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Here’s an article that everyone should have the opportunity to read. Martin van Beynen writes an opinion piece for The Press newspaper in Christchurch. He, unlike the rest of us who have ‘made our mind up’, attended the whole trial and was shocked by the time it took the jury to return their not-guilty verdict, and shocked that it wasn’t a guilty one.

Here’s how Mr van Beynen sums up the evidence that should have lead to a guilty verdict:

The reasons I am sure Bain killed his family are twofold.

The first is the incredible coincidences that we have to accept if Bain is innocent.

For instance, we have to accept, just for a start, that the following facts all have perfectly innocent explanations not connected with the death of the Bain family Bain’s clear and recent fingerprints on the murder rifle, the bruises on his face and torso, the blood of his brother on his clothes, a 20-minute delay before ringing the police after finding bodies, hearing his sister gurgling (and failing to help her), convenient changes in his story, a lens from damaged glasses (of no use to anyone else and found in his bedroom) turning up in his dead brother’s room, bizarre behaviour before and after the killings, not noticing the blood all over the laundry and putting the jersey worn by the killer in the washing.

However, the best evidence relates to the implausibility of Robin Bain shooting his family and then himself. If David Bain is not the culprit, Robin had a settled night in his caravan (we know this by the amount and quality of urine in his bladder) and then got up about 5.50am, after David had left on his paper round.

Despite David admitting he hated his father and siding strongly with his mother in every dispute, he was the one Robin wanted to spare, so he had to be out of the house.

Robin removed the clothes he slept in and dressed warmly, putting on a green jersey usually worn by daughter Arawa, a beauty queen and budding teacher, of whom he was very proud.

In the caravan, he listened to the radio, which he probably switched on before getting up.

His first stop on the way to the house where his family slept was at the letterbox, where he removed the newspaper.

Once in the house, he went to David’s room, where he took the rifle from the wardrobe and then looked for the key to the trigger lock. Although he scattered a few bullets around (David had more than 1000 rounds of ammunition in his wardrobe), he found the key in a pot on David’s desk with ease and carefully ensured other items were left in place.

He also put on David’s white dress gloves, forgetting he did not want to implicate David and also overlooking that, since he was going to end it all, it wouldn’t matter much if people knew it was him, anyway.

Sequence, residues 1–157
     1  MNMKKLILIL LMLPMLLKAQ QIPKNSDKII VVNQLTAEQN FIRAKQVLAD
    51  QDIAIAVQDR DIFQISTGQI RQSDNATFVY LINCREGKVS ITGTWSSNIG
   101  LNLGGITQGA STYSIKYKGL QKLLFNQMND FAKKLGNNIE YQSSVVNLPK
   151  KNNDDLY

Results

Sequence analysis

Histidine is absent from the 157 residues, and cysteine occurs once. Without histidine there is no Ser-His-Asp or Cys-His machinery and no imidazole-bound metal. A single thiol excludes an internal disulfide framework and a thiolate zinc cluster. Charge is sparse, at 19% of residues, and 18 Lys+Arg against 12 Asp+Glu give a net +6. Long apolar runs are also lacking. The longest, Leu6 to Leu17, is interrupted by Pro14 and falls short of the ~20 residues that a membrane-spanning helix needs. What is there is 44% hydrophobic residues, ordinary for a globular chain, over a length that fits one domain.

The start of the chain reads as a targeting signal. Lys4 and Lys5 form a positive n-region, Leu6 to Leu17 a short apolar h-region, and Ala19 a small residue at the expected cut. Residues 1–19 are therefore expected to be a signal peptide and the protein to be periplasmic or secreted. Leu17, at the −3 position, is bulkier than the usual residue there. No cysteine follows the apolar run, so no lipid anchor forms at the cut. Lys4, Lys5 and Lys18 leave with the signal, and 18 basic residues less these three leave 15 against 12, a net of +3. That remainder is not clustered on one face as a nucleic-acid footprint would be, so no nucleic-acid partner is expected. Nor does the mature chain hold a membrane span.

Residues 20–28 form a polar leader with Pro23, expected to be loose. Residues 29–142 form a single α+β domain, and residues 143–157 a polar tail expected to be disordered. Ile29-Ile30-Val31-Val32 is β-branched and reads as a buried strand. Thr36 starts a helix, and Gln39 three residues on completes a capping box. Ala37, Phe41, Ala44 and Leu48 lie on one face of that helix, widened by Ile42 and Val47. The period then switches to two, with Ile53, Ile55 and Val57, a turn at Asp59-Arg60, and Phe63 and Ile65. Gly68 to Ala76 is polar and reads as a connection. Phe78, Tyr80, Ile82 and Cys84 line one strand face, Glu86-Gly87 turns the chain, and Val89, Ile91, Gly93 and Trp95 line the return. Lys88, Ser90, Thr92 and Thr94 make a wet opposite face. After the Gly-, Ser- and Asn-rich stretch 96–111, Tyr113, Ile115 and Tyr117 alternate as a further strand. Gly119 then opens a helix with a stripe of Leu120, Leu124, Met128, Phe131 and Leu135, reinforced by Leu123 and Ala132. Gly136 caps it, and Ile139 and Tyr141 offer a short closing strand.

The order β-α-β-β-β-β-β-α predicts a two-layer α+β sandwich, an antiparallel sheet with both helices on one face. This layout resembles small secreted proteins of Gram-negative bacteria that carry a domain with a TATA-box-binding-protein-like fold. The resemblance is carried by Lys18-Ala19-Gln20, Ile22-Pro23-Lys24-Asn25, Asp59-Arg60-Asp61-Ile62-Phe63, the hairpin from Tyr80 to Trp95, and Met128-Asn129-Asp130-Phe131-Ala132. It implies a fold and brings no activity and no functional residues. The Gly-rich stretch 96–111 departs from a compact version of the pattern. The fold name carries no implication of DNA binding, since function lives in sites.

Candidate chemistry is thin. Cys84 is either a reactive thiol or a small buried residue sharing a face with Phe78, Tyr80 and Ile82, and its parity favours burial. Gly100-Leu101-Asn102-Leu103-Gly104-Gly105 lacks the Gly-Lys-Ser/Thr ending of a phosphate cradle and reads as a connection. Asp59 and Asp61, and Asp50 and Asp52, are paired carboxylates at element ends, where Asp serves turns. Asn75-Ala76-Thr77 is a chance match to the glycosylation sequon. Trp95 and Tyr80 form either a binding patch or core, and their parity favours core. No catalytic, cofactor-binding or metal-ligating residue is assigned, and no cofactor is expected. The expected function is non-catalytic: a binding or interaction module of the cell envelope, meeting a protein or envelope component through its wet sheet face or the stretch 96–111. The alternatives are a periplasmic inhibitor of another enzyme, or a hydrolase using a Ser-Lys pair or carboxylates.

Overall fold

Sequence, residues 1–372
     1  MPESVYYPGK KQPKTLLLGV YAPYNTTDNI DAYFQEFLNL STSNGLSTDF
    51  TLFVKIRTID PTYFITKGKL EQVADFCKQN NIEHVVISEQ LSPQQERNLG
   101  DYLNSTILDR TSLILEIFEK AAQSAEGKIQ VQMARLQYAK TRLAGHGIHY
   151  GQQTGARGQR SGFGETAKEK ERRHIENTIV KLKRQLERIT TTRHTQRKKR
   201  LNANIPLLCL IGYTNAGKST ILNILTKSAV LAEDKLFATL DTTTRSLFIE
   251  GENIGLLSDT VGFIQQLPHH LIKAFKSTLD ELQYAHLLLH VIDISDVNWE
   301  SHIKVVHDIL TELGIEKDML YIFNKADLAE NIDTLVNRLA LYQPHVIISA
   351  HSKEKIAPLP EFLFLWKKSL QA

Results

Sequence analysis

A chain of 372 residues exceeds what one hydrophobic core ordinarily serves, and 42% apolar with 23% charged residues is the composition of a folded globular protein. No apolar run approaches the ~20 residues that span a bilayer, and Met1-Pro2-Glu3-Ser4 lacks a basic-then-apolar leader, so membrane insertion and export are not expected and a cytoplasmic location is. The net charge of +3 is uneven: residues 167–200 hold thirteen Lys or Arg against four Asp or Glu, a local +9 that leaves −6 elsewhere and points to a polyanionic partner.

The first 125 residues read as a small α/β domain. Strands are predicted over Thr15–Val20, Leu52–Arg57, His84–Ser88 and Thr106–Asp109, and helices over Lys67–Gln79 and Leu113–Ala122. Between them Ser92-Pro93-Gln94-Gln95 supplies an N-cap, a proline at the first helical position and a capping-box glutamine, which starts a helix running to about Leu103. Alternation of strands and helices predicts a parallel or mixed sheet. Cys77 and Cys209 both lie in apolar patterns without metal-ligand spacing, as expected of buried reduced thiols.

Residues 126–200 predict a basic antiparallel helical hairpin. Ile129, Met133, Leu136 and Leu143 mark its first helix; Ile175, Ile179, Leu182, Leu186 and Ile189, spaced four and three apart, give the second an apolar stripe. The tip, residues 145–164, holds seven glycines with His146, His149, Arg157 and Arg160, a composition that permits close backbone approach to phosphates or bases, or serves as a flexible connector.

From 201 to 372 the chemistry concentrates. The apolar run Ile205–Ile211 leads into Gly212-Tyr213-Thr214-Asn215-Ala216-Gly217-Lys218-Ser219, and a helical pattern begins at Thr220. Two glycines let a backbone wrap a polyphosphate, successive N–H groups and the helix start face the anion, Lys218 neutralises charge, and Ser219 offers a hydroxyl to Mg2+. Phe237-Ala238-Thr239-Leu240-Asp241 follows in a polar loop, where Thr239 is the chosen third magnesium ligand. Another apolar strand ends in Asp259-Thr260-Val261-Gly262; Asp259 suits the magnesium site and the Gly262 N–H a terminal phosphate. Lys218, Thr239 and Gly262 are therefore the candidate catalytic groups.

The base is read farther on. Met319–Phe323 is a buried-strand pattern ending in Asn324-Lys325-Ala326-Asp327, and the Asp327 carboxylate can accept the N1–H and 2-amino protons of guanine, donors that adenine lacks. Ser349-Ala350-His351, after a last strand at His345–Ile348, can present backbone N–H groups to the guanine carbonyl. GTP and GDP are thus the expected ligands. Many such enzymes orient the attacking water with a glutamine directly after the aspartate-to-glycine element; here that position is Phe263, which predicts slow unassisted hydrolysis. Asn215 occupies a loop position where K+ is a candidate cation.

He loaded both magazines one five-shot and the other 10-shot with hollow-nosed .22 bullets and then headed towards the bedrooms.

He shot his sleeping wife, Margaret, just above her right eye and shot Laniet, his favourite, three times once in the cheek, once in the top of the head, and once above her left ear.

By this time, he may already have shot Stephen, his 14-year-old son, who, even as a grown boy, used to sit on his knee.

Stephen, however, had woken up and grabbed the silencer on the rifle before Robin could shoot. When he did, the bullet went through Stephen’s hand and tore a gouge out of his scalp.

Stephen, pumped up with adrenaline, fought for his life, but Robin, belying a frame described as cadaverous, soon had the better of the brave teenager, strangling him first with his T-shirt and, when he was incapacitated, putting a bullet through the top of his head, like he had done or was to do with Laniet.

He then went down to Arawa’s room. She had got up and, as she retreated into her room, he shot her in the forehead.

By now, he was covered in blood, mainly from Stephen. Did it matter, since he was going to take his own life? It did.

He went back to the caravan, perhaps having already neatly placed his blood-spattered clothes and blood-soaked socks in the laundry basket. He did not wash his hands.

To meet his maker, he chose an old pair of light-blue tracksuit pants, an equally delapidated T-shirt, an old business shirt, a brown woollen jersey and a thick hoodie. He also donned a green knitted beanie. He put on clean socks and shoes, but no underpants.

Then, he went back to the house to take his own life.

Time was marching on.

David would soon be home from his paper round and he still had to write his message on the computer.

He turned the computer on (David must now have been nearing the house) and waited 40 seconds for the computer to bring up the page for him to write his suicide note not to explain himself but to exonerate David. “Sorry you are the only one who deserved to stay.”

Then, despite executing his family in textbook style, Robin chose an extraordinarily unusual way to take his own life, placing the rifle muzzle against his left temple on a strange angle.

A shot and he was falling, spilling blood and brain matter, which somehow got on to curtains that were a long way from where his body was found.

And the spare 10-shot magazine just happened to land on its narrowest edge, right by his right hand.

Despite clutching the rifle with his unclad hands to shoot at least some members of his family and then himself, the rifle did not have a single fingerprint belonging to him, even on the steel of the silencer.

Make up your own mind.

Read the whole article here:

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2 thoughts on “Is David Bain really innocent?”

  1. That is certainly how I heard the evidence
    David Bain should count his blessings

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